Here's some good news on the banking front: Wells Fargo ( WFC) expects a profit of $3 billion for the first quarter.

In fact, the expected earnings per share of 55 cents is more than double analysts average estimates of 23 cents, according to Thomson Reuters. No wonder Wells Fargo rushed out the preliminary numbers ahead of their April 22 official earnings report.

We're talking about net profit here -- the real deal. This is outrageous in a good way.

Now we'll have to see if Citigroup ( C), Bank of America ( BAC) and JPMorgan Chase ( JPM) can make good on their earlier indications that they, too, were profitable in the first months of this year. Of course, those banks don't define what they mean by "profitable" exactly.

Citigoup CEO Vikram Pandit conveniently left out charges and other annoying costs, and teased the market with vague comments about the bank having the best quarter since the third quarter of 2007, when Citi last posted a net profit. Note that he didn't say Citigroup is having a better quarter than it did back in 2007. So this can't be interpreted as promise about net income for the quarter.

Bank of America CEO Ken Lewis commented on profit before provisions -- also leaving out all the nasty stuff that will no doubt destroy the bank's bottom line. Lewis also has cautioned that trading results were weak in March.

JPMorgan CEO Jamie Dimon said his bank made money in January and February but that March was tougher. No word on net income, either.

While even an operating profit from these banks will be welcome news, it's net income that really matters. Don't be fooled by talk of "continuing operations" or "one-time items" -- that's all smoke and mirrors. Such talk is cheap.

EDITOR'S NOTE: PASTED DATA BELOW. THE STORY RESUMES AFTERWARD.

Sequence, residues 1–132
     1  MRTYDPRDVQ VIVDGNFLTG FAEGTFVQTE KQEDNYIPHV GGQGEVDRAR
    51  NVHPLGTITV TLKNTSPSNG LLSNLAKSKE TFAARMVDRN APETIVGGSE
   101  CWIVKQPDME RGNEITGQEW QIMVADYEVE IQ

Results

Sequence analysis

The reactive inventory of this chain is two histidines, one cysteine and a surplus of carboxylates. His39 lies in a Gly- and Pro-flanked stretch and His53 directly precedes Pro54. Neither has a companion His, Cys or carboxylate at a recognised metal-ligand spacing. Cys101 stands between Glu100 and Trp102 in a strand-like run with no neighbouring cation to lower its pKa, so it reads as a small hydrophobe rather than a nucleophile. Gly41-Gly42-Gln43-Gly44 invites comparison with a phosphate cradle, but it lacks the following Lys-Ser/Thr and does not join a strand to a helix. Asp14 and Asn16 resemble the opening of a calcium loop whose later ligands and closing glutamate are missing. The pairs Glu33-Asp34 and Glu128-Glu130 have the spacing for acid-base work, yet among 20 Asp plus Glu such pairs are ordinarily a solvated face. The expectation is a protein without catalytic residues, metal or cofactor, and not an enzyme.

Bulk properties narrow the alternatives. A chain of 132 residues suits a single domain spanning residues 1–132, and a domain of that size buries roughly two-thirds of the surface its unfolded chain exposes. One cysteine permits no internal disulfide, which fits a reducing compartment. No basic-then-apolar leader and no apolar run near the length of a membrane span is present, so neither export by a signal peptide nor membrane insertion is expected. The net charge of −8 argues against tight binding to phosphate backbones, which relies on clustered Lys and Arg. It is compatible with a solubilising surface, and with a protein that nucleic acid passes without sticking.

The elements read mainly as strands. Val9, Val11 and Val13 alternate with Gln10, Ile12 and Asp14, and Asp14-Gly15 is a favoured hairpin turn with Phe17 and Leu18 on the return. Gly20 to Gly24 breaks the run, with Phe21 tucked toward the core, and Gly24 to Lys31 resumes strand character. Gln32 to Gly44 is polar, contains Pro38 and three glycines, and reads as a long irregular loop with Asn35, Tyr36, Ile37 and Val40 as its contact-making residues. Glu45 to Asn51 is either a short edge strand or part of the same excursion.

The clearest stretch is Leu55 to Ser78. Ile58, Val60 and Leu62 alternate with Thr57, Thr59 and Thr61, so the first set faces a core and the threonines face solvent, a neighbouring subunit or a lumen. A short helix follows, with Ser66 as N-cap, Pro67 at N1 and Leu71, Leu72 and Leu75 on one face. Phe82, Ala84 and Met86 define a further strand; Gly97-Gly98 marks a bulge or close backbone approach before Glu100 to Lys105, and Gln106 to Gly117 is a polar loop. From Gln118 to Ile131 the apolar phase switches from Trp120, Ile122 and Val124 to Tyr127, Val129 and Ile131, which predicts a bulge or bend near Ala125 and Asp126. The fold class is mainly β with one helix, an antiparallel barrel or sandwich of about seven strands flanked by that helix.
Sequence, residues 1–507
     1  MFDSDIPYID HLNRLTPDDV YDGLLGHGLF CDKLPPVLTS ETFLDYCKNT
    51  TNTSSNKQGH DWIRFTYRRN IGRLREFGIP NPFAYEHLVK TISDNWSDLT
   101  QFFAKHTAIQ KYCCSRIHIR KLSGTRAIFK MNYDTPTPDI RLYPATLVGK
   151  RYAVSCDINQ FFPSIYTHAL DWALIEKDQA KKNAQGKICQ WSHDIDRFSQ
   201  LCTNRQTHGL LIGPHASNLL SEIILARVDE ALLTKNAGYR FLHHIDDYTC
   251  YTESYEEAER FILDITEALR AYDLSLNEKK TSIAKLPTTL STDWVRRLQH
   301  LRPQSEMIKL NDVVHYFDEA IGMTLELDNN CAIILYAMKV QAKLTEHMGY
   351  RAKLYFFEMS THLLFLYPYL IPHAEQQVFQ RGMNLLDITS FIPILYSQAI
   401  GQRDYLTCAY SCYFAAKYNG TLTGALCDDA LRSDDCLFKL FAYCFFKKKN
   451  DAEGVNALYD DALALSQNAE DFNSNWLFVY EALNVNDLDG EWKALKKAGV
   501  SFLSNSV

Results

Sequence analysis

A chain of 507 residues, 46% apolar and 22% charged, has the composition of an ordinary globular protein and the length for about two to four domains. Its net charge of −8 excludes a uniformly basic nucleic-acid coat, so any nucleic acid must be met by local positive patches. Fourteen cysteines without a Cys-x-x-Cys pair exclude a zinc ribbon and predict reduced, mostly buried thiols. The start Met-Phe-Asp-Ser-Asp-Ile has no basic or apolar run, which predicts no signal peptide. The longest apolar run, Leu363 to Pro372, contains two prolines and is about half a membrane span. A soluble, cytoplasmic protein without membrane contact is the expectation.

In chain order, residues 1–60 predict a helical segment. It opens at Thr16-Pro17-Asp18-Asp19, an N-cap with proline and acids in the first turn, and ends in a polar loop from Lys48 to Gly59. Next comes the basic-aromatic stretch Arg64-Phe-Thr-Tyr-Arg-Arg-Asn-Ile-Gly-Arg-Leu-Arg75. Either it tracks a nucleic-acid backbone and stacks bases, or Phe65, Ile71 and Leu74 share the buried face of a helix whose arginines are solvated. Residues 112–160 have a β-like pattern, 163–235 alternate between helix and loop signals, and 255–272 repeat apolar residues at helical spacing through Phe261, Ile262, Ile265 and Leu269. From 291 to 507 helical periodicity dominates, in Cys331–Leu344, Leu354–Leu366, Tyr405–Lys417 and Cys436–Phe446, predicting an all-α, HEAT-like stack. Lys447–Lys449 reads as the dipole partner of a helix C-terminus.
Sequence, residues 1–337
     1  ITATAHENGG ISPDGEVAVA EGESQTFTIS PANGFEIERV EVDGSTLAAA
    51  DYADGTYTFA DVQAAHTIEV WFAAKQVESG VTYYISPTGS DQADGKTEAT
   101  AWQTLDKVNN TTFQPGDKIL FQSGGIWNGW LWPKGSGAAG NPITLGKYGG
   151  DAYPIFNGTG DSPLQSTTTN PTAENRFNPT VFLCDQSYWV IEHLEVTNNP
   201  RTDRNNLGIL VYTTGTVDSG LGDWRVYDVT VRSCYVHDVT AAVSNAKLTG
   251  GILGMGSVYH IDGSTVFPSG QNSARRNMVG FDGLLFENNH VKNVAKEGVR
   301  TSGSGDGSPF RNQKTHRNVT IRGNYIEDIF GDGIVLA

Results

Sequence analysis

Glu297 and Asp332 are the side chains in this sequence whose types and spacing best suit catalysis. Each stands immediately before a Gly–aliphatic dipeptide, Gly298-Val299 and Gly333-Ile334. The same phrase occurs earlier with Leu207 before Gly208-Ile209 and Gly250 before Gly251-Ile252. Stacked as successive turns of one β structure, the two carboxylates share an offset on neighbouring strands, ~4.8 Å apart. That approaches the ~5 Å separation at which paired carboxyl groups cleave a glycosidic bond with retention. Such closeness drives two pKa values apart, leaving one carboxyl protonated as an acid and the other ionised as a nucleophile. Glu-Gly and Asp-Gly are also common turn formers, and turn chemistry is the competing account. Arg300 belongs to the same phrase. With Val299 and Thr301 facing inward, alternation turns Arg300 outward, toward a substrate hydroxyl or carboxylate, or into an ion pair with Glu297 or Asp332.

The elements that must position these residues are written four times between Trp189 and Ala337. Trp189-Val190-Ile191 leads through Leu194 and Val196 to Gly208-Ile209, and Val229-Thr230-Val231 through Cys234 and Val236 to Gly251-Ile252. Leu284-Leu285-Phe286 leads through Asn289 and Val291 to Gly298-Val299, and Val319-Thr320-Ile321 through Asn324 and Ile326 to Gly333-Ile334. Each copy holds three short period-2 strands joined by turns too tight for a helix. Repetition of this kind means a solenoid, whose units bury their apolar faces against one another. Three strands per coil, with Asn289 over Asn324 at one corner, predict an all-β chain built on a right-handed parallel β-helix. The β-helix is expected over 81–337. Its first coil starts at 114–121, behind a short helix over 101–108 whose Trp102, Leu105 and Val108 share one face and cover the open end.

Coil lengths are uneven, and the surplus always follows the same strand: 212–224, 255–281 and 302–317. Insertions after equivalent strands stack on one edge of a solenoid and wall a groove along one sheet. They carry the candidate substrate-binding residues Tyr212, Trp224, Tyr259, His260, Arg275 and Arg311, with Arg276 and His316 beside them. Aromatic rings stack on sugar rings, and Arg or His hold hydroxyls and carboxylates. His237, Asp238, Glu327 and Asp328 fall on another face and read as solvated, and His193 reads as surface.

That kind of optimistic mumbo jumbo is outrageous in a bad way.

Either the bottom line is positive or it's not. When Bank of America, JPMorgan and Citigroup have cleared out all the junk getting in the way of net income, then we can celebrate.

In the meantime, only Wells Fargo is talking about a real net profit.

So hurray for Wells!

Hall is the editor of TheStreet.com. Previously, he served as deputy editor and chief innovation officer at The Orange County Register and as a news manager at Bloomberg News in Frankfurt, Amsterdam and Washington, D.C. As a reporter, he covered business and financial markets, worked in both print and television in the U.S. and Europe, and conducted in-depth investigative coverage at The Journal-Gazette in Fort Wayne, Ind. His work also has been published in a variety of newspapers including The Wall Street Journal, The New York Times and International Herald Tribune. Hall received a bachelor�s degree in journalism and political science from The Ohio State University and has taken graduate management science courses at Boston University.

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